We parked way down the road and around the corner so you couldn’t even see Jackson’s dojo from there. Rondell had a roll of plastic garbage bags in the trunk. He always did. If he wasn’t making a mess, he was prepared to clean one up. This time they came in handy.
There was a streetlamp making a pretty big splash out front. We passed under it and cut left to the unlit side of the building. We went over to where Rondell imagined the bathrooms were.
I put a foot up on Rondell’s chicken shoulder and held him like a bowling ball under the ears and he got me up as far as the transom and that was all I needed. I slid right through, and most of my fear steamed off right there. The alarm was the big if and Jackson didn’t have one. I dropped down headfirst onto my wrists and rolled onto a soft canvas bag. Even in the darkness I could see Rondell’s bathroom was the equipment closet.
I got up and tried the door. It was locked from the outside. I called out to Rondell and the big dummy said to try the lights. I knew better and waited for my eyes to adjust. I kept my voice down.
“You dropped me into the equipment room,” I said.
“That’s better than the bathrooms,” Rondell said. “You found those robes yet?”
I’d hadn’t found anything yet but sparring gloves and a sparring mitt. I’d found cakes of toilet soap and plenty of roach killer and some mats on a utility shelf. I zipped open the bag I’d rolled onto and laid my hands on a lady’s wig. Under the wig were lady’s underthings and two short pillows and under the pillows was more money than they had at Liberty Federal for sure, stacked in crisp Hollywood bricks and rubber-banded. It smelled better than buttermilk waffles cooking.
“Throw ‘em up and get on out,” Rondell said.
I hadn’t made any noise for a while, I guess, and Rondell must not have liked that. No one could see him where he was but so what.
I threw a brick of Bridge Jackson’s money out the window and Rondell shut up. I threw out another five bricks, stuffed a few more into my pants pockets, front and back, and packed the bag back up. I’d just had my first clear thought of the evening. If we stole only this much, it would look like an inside job. They’d think it was one of Bridge Jackson’s students or helpers that had got greedy, or his brother Barry, a mean son-of-a-bitch and a natural midget. I tested the metal shelves.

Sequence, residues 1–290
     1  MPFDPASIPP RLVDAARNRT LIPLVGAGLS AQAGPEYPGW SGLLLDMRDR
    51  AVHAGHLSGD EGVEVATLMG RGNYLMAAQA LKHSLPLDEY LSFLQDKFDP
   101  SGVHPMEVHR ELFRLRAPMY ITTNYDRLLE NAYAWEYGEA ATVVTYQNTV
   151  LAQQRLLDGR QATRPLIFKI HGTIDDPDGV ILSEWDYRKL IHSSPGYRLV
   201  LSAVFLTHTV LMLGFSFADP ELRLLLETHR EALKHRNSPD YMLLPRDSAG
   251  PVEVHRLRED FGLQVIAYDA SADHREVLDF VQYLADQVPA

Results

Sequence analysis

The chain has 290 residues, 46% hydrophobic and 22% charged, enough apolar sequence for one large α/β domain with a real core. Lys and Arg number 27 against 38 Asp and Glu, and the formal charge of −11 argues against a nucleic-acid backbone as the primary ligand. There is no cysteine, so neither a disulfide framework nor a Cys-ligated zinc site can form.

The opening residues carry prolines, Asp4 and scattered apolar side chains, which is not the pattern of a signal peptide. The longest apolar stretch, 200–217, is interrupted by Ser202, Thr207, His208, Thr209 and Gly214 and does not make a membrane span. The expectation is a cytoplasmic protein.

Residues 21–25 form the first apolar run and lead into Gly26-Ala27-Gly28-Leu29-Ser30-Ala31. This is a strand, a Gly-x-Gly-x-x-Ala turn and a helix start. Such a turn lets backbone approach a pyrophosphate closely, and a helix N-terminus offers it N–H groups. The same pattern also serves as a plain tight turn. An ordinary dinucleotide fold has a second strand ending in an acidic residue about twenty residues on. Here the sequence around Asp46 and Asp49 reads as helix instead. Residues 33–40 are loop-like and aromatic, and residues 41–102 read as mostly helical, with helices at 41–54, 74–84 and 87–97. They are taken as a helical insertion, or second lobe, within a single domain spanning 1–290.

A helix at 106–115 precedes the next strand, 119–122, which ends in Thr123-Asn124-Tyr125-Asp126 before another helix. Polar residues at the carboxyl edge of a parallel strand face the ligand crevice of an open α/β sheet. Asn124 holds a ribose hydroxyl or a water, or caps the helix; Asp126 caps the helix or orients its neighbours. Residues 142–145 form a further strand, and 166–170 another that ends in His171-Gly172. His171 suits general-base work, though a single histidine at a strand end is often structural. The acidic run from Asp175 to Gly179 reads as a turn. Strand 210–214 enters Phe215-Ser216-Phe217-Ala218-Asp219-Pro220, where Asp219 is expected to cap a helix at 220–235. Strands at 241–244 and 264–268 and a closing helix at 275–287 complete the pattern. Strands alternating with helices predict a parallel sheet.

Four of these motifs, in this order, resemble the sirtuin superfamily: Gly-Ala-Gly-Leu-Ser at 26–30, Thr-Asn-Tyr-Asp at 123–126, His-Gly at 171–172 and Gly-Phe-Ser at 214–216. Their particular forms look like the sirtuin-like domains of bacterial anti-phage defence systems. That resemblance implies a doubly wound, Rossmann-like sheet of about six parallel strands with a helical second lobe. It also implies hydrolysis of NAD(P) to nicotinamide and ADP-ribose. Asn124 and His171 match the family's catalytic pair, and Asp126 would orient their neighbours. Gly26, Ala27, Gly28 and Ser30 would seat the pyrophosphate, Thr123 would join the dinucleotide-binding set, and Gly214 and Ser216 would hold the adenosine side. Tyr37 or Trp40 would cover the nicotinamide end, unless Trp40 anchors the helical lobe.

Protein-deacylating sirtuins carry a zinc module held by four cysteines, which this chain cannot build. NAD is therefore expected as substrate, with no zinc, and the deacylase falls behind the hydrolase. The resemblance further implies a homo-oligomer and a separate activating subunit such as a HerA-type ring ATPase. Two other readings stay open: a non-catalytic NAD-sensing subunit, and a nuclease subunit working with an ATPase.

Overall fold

But Rondell wasn’t answering. I called out again. Then I shut right up.
I’ve learned since that betrayal will always catch you dumb. In another world where I wasn’t trapped in Bridge Jackson’s equipment closet, I’d have said that Rondell didn’t know any better, that he’d beezed away all the sense he’d ever own. But I could see that crack of light under the door now, which meant Rondell’d seen a hell of a lot more than me and he’d left me flat on my ass.
Quiet as I could, I made a go at climbing Jackson’s shelves. I felt like a one-armed monkey. When my head came back out the transom, there he was, pasted to the wall like a window jumper with second thoughts. We had a moment of mutual understanding then, Rondell and me, but I still won’t tell you that Rondell gave a good goddamn and wasn’t mostly frozen into place like a possum in a dumpster. He told me to get the hell down and he held out his chicken arms. As my shoes slithered up and over the window sill the light in the closet popped on and a mean midget voice barked out at the soles of my feet. That voice was crazy as they come with rage.
* * *
A good beeze can last you the whole night if your brain cells are used to it. I told Rondell to stash the money in the trunk, in his tool box. Rondell said ok but when we got to the M&M Bar he wanted to take one brick inside.
“I’m breaking one of them bills,” he said.
“That’s not a good idea,” I said.
“I’m breaking the first hundred.”